Growing numbers of lay ecclesial ministers in parishes must mean that there are more and more lay people studying and readying themselves to live out these vocations... Surprisingly no.
Two facts should jump off the graph below. The first is the sheer numbers in lay ecclesial ministry formation programs. Even at its lowest point, it is well above the combined enrollments in seminary and diaconate formation programs. Second, after peaking in the early 2000s, and dropping sharply until more recently stabilizing, lay ecclesial ministry formation enrollments are more volatile than enrollments in seminary and diaconate formation programs.
Many theories have been proposed for the drop in the numbers: perceptions of a surplus of lay ecclesial ministers, effects of the sex abuse scandal, fewer lay people being entrusted with the pastoral care of parishes where a priest is unavailable (i.e., Cannon 517.2; totaling 411 U.S. parishes in 2011 down from a peak of 566 in 2004), volatility in the economy, closings of parishes and schools, or expected salaries making it difficult to budget the costs of obtaining the education and formation required.
But, there also appears to be another important factor related to the number of lay ecclesial ministers enrolled in formation programs—the number of available programs themselves.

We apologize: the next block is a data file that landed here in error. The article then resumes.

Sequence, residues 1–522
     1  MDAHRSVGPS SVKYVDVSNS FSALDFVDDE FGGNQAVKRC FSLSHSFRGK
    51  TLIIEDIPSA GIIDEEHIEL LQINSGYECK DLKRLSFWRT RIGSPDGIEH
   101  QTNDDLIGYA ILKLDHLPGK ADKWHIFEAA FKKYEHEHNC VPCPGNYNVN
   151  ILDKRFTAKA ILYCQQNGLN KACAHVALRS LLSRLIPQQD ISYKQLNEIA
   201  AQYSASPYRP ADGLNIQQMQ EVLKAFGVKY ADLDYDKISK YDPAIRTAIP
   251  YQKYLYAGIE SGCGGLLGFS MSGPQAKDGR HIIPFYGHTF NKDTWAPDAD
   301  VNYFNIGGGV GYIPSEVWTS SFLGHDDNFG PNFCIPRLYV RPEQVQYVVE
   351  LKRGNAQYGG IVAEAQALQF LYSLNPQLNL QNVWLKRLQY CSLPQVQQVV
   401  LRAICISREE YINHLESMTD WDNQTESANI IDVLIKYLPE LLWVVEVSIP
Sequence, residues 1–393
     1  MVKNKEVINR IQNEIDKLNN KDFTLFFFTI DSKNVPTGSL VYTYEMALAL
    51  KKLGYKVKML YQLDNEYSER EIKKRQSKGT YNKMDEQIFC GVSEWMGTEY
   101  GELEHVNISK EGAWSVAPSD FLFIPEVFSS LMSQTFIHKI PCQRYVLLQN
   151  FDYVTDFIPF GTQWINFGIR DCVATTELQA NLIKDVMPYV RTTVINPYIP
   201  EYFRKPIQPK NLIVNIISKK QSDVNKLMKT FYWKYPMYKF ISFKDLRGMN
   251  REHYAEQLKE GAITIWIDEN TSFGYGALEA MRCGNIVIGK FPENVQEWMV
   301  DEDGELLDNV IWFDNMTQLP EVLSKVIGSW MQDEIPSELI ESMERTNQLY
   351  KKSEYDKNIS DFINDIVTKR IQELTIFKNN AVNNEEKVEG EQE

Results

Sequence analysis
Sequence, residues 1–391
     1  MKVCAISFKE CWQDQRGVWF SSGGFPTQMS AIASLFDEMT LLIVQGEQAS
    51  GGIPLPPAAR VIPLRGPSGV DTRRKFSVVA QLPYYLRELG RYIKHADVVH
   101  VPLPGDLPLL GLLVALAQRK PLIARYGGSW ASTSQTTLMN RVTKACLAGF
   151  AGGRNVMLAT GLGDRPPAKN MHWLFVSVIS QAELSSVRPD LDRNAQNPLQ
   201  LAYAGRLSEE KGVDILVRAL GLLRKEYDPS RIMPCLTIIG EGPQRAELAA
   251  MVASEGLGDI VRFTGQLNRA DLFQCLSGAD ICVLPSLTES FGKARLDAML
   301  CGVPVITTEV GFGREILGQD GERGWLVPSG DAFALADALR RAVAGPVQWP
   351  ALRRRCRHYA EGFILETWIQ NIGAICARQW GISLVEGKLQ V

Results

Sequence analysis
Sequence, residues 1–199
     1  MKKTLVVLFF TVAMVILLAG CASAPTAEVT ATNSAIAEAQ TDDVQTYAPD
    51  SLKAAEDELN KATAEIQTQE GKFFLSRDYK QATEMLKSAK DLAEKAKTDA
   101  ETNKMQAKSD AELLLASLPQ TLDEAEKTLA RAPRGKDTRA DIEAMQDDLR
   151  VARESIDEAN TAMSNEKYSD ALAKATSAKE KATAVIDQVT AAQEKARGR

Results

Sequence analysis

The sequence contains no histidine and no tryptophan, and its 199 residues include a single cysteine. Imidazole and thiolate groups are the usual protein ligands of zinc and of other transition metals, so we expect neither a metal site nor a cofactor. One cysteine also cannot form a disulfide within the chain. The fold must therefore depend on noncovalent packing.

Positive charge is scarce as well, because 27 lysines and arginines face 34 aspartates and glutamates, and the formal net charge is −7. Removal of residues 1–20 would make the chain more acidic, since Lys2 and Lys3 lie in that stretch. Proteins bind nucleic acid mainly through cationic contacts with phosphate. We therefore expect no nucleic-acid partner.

When the number of programs drops, the number of students drops (Pearson's R=.864; the initial drop in programs precedes the drop in enrollments). These programs don’t usually consolidate; they are closed outright or offered only on an “as needed” basis. To some extent, if you cut the program they will leave and don't appear to look for or readily find other options…
If you are a regular reader of this blog you already know that the U.S. Catholic population is growing and the number of priests is expected to continue to decline (as the Mass attendance rate is stable—representing annually increasing numbers of worshipers along with Catholic population growth). Parishes are closing resulting in existing parishes, on average, getting bigger and having larger budgets and staffs. Yet, if fewer and fewer are in formation to replace today's lay parish leaders, should we expect a coming shortage of lay ecclesial ministers? Will there always be enough people behind the parish door to greet you, minister to you, educate you, help you? Maybe not if the current trends continue...
For more on formation statistics check out the 2011 CARA Catholic Ministry Formation Directory—available for the first time this year as an online, searchable database as well as in the traditional printed format.
-CARA researchers Melissa Cidade, Mary Gautier, and Mark Gray contributed to this post.